are split regarding whether the judge or the jury should make the decision. Id. (citing Erbrich
Prods. Co. v. Wills, 509 N.E.2d 850, 857 (Ind. Ct. App. 1987)).
In their Complaint, Plaintiffs allege that SCE&G is strictly liable for the damages caused
to their home pursuant to its operation of the Lake Murray Dam. (ECF No. 1-1 at 12 ¶¶ 45-46.)
Additionally, Plaintiffs argue that this claim is exclusively “founded upon South Carolina
Common Law.” (ECF No. 12 at 3.) In opposing remand, SCE&G argues that “Plaintiffs can
only prevail on their strict liability claim by proving, inter alia, that SCE&G’s maintenance and
operation of the dam as a FERC licensee constitutes an ‘ultrahazardous’ activity that ‘necessarily
involves a risk of serious harm to the person, land, or chattel of another which cannot be
eliminated by the exercise of the utmost care.’” (ECF No. 9 at 11–12.)
As with Plaintiffs’ negligence claim, the court must ascertain whether Plaintiffs’ strict
liability cause of action necessarily raises a federal issue. Upon review, the court observes that
SCE&G’s assertion regarding the standard for establishing a strict liability claim is not the only
theory available to Plaintiffs. The court further observes that the Restatement (Second) of Torts
§ 520 (1977)12 provides an alternative mechanism to establish whether the release of water
through a dam is an ultrahazardous activity. See Ravan, 434 S.E.2d at 305 (“The trial judge
instructed the jury that it could find the corporate respondents’ activities abnormally dangerous
Section 520 provides:
In determining whether an activity is abnormally dangerous, the following factors
are to be considered: (a) existence of a high degree of risk of some harm to the
person, land or chattels of others; (b) likelihood that the harm that results from it
will be great; (c) inability to eliminate the risk by the exercise of reasonable care;
(d) extent to which the activity is not a matter of common usage; (e)
inappropriateness of the activity to the place where it is carried on; and (f) extent
to which its value to the community is outweighed by its dangerous attributes.
Restatement (Second) of Torts § 520 (1977).
by considering the factors outlined in Restatement (Second) of Torts § 520.”). As a result, the
court finds that Plaintiffs do not necessarily raise a federal issue in their cause of action for strict
liability because they can prevail on the claim without resorting to federal law. Dixon v. Coburg
Dairy, Inc., 369 F.3d 811, 816–17 (4th Cir. 2004) (“A plaintiff’s right to relief for a given claim
necessarily depends on a question of federal law only when every legal theory supporting the
claim requires the resolution of a federal issue.”) (citation omitted).
Because SCE&G cannot satisfy the first prong of the Grable test–that is, SCE&G failed
to show that Plaintiffs’ strict liability claim necessarily raises a stated federal issue–the court
need not “address the remaining prongs.” Am. Airlines, Inc. v. Sabre, Inc., 694 F.3d 539, 544
(5th Cir. 2012). Accordingly, Plaintiffs’ strict liability claim does not establish the court’s
subject matter jurisdiction.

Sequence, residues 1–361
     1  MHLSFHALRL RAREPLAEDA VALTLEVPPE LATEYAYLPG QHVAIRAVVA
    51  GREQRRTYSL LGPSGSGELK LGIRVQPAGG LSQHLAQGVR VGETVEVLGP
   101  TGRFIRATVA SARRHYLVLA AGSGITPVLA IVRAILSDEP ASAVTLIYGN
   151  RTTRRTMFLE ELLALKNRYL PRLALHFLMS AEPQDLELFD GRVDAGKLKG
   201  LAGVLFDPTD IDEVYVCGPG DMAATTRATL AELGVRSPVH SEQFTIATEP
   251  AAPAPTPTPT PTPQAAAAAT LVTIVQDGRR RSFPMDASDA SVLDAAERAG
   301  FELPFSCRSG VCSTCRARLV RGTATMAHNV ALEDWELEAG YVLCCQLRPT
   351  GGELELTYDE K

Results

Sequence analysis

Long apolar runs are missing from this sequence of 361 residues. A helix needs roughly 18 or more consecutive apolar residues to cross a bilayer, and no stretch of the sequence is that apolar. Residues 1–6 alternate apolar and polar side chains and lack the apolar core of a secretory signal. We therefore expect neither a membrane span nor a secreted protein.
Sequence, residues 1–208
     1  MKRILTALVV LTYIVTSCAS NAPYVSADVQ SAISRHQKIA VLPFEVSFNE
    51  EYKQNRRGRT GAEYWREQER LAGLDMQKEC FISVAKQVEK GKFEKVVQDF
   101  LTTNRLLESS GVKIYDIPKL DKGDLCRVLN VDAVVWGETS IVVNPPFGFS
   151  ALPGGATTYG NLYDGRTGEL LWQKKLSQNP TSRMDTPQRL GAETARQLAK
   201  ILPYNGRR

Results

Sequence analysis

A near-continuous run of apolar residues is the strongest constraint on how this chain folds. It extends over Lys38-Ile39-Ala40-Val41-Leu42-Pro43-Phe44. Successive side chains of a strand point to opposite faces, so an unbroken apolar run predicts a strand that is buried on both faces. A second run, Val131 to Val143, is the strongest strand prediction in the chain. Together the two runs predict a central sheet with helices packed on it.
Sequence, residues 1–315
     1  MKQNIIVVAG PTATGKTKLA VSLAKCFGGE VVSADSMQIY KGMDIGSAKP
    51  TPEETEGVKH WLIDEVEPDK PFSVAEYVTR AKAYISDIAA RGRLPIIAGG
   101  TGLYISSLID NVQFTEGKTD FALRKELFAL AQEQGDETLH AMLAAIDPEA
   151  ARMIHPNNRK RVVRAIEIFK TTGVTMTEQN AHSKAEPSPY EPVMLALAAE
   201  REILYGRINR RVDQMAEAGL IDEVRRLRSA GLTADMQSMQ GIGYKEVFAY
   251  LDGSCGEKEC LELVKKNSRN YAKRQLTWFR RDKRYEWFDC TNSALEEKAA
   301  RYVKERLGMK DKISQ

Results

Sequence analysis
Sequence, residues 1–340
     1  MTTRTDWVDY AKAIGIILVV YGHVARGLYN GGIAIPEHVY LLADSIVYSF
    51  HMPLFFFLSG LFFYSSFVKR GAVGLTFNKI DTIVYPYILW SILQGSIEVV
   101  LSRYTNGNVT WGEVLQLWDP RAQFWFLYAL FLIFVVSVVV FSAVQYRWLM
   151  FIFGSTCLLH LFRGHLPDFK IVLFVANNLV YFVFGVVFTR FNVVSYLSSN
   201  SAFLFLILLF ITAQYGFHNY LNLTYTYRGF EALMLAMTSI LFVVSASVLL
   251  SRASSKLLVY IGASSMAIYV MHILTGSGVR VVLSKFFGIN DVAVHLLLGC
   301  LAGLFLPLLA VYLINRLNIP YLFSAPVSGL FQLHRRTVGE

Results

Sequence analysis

3. Plaintiffs’ Second Cause of Action for Inverse Condemnation and Third Cause of
Action for Trespass
Although SCE&G makes the conclusory statement that Plaintiffs’ claims for inverse
condemnation and trespass also “involve and directly challenge SCE&G’s compliance with the
terms of the FERC Project 516 license, the FPA, and the FERC’s rules and regulations,”
SCE&G does not provide any analysis to support the court making this finding. (ECF Nos. 1 at
5 ¶ 19 & 9 at 19.) As a result, the court finds that SCE&G cannot satisfy the second prong of the
Grable test by demonstrating that Plaintiffs’ claims for inverse condemnation and trespass raise
“actually disputed” federal issues. See Louisiana v. Abbott Labs., C/A No. 3:13-cv-00681-BAJSCR, 2014 WL 4924329, at *5 (M.D. La. Sept. 30, 2014) (“Defendants conclusory assertions
and speculation are insufficient to meet their burden of demonstrating their claims necessarily
raise . . . actually disputed issues of federal law.”). Accordingly, Plaintiffs’ claims for inverse
condemnation and trespass do not confer subject matter jurisdiction on the court.
4. The Court’s Supplemental Jurisdiction
As discussed above, because Plaintiffs’ negligence claim involves federal issues under
the FPA as it relates to the FERC, the court has original jurisdiction over this action under 28
U.S.C. § 1331 and exclusive jurisdiction pursuant to 16 U.S.C. § 825p. Additionally, the court
finds it appropriate to exercise supplemental jurisdiction over Plaintiffs’ claims for inverse
condemnation, trespass, and strict liability. 28 U.S.C. § 1367(a) (“[I]n any civil action of which
the district courts have original jurisdiction, the district courts shall have supplemental
jurisdiction over all other claims that are so related to claims in the action with such original
jurisdiction that they form part of the same or controversy under Article III of the United States
Constitution”); United Mine Workers of Am. v. Gibbs, 383 U.S. 715, 725 (1966) (Supplemental
jurisdiction allows parties to append state law claims over which federal courts would otherwise
lack jurisdiction to federal claims, so long as “[t]he state and federal claims . . . derive from a
common nucleus of operative fact.”).
For the foregoing reasons, the court hereby DENIES Plaintiffs’ Motion to Remand.
(ECF No. 5.)
IT IS SO ORDERED.
United States District Judge
April 15, 2016
Columbia, South Carolina